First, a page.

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GaFFACamp@GaAgEd.org   |  (770) 786-6926  |  720 FFA FHA Camp Rd. Covington, GA 30014
 
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History of the Georgia FFA-FCCLA Center      
1929: From the time that the first FFA chapters in Georgia joined together in 1929 to form a state association, vocational agriculture leaders envisioned a camp where rural boys could gather during the summers for wholesome recreation. Their hopes began to materialize in 1937.

1937: A hillside site overlooking the headwaters of Lake Jackson in Newton County was chosen, and in August 1937, a 150-acre tract with approximately one and one-half miles of lake shoreline was purchased from Mr. S.C. Candler of Madison, Georgia, for $1000.00. Because the FFA treasury contained only this amount, Mr. Candler agreed to retain four acres of the tract and grant a ten-year option for the Georgia FFA Association to buy this property.

In that same year, the vocational agriculture teachers in their annual conference voted to accept a proposal whereby funds for the development of the property would be raised through chapter pledges. Each chapter pledged three dollars per member, and over a period of years, some $45,000 was raised in this fashion.

When the property was purchased, it was inaccessible by automobile. The Newton County commissioners agreed to grade a road to the proposed campsite.

Officials of the National Youth Administration (NYA) accompanied FFA leaders on a visit to the site and arrangements were made for a cooperative project to improve the property and erect buildings. Work actually began in October 1937 with a group of NYA students being transported to and from the site daily. When the first buildings were completed, NYA students took up residence at the camp.

1938: Granite was discovered on the property and stone was quarried for use in the erection of several of the main buildings. Students were asked to find rocks out of Lake Jackson. These rocks were then used to construct the dining hall fireplace. Some fifty years later, these same students revisited the camp and pointed out the rock that they had found. Some timber on the site was cut and milled. Additional materials were purchased as money trickled in from the FFA chapter pledges. In 1938, Mrs. Franklin D. Roosevelt visited the camp. She saw a need for an infirmary and provided funds for this building.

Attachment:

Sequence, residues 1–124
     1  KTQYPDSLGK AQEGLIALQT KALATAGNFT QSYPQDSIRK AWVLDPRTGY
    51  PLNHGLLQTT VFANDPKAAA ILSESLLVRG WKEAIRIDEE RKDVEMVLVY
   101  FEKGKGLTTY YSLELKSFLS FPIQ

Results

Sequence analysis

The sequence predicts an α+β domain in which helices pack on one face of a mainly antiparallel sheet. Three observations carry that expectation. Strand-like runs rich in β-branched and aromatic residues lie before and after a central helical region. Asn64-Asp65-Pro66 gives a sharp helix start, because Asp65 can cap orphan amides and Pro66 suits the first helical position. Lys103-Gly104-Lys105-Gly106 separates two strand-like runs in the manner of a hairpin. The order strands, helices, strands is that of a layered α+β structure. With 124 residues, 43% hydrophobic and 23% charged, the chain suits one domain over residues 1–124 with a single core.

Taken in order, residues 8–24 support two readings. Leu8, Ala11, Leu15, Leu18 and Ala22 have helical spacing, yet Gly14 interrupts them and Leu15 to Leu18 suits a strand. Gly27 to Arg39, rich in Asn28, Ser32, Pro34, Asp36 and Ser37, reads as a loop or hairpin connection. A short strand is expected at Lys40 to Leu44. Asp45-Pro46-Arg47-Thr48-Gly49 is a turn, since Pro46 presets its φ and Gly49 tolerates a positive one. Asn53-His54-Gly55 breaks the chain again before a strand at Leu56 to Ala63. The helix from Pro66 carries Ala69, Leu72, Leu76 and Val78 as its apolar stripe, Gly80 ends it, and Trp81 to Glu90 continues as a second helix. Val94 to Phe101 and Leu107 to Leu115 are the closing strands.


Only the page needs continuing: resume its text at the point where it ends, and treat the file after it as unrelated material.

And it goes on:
Because the NYA could only provide labor, the need for materials to keep construction underway steadily grew. It began to look as though the project might have to be discontinued, or at best delayed, pending the accumulation of more funds from FFA chapters. In light of this situation, Dr. M. D. Mobley, then State Director of Vocational Education and State Advisor of FFA, went to Governor E.D. Rivers and to the State Board of Education seeking financial help. He was authorized to spend up to $35,000 from the annual budget for vocational education to purchase supplies essential to keeping the building program going.

1941-1942: During the administration of Governor Eugene Talmadge (1941-42), convict labor was used to grade an improved road into the camp and clear the area for a three-acre swimming lake. Equipment to do the grading was furnished by the State Highway Department. However, all the fuel used for the trucks and tractors and all of pipe and cement for culverts was paid for out of FFA funds. The convict labor was used for approximately thirty days. In the administration of Governor Ellis Arnall, the highway department surfaced the camp road.